This month, we highlight how the latest contributions of the National Ecological Observatory Network (NEON) are moving ecological research forward. NEON continues to create headlines for the strides made by its researchers in expanding our understanding our environment – and the human impact on it – including wildfires, climate change and water quality.
This Month’s Spotlight
The latest news from NEON includes:
- New research through two National Science Foundation (NSF) grants are helping scientists develop forecasts of future water quality at NEON sites. Virginia Tech associate professors Cayelan Carey and Quinn Thomas are using one grant to expand an undergraduate training program in macrosystems ecology and ecological forecasting. The program will use NEON data to explore how the predictability of ecological dynamics varies within ecosystems and across different spatial scales.
- Baylor University researchers analyzed the composition of 42 NEON soil samples to better predict how soils in various ecosystems store carbon. William C. Hockaday, an associate professor of geosciences, and visiting scientist, Chenglong Ye, tested the samples using a technique called nuclear magnetic resonance spectroscopy, allowing them to analyze the chemical structure and composition of natural organic molecules in the soil. Understanding these patterns will allow scientists to predict how the soil in various ecosystems stores carbon, offering a clearer picture of how soil carbon may impact climate change.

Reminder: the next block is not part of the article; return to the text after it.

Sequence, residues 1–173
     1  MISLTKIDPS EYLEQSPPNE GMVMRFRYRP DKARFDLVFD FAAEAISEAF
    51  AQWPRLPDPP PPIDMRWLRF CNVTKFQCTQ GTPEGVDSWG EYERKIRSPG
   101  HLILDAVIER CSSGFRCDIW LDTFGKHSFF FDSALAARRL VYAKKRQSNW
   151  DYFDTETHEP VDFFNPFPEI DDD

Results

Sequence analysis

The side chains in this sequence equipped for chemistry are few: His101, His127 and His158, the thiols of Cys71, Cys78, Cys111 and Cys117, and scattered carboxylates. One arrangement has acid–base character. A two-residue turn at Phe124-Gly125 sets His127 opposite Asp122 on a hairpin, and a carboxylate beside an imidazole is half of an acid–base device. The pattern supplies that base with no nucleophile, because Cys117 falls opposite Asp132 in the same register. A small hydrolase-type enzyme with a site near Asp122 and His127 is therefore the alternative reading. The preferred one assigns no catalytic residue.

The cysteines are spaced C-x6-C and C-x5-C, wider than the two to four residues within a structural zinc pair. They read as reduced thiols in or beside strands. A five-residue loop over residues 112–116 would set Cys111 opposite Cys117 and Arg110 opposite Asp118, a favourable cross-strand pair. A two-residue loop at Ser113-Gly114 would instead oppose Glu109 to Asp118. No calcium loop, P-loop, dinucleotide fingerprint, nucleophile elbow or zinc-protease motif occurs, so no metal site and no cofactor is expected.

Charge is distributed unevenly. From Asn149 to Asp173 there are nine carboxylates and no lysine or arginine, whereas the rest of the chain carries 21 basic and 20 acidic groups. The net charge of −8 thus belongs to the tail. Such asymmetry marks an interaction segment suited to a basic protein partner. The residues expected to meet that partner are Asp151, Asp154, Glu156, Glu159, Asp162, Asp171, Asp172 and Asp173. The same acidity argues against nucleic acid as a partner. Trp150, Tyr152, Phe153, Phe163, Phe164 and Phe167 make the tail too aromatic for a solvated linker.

- NEON data scientist, Nathan Mietkiewicz, and Jennifer Balch, Director of University of Colorado’s Earth Lab, published research showing that 97% of wildfires that threaten homes in the U.S. are started by humans. Development in wildland-urban areas increased 145% between 1990 and 2015, and the impact of climate change is also exacerbating the issue. But the fact that humans cause the vast majority of wildfires that threaten homes also means it is possible to prevent these wildfires from occurring.
Sponsored by the National Science Foundation (NSF) and operated by Battelle, NEON is a continental-scale ecological observatory facility dedicated to providing high-quality, consistently generated data that is free and available to all users. By enabling scientists, researchers, and students to address critical questions and understand ecosystem changes over time, the NEON project allows the ecological community to tackle questions and problems at a scale that was not possible before.You can read about the latest research in the NEON Spotlight every month at Inside Battelle, and also on our social media channels. For more information about NEON, visit NEONscience.org.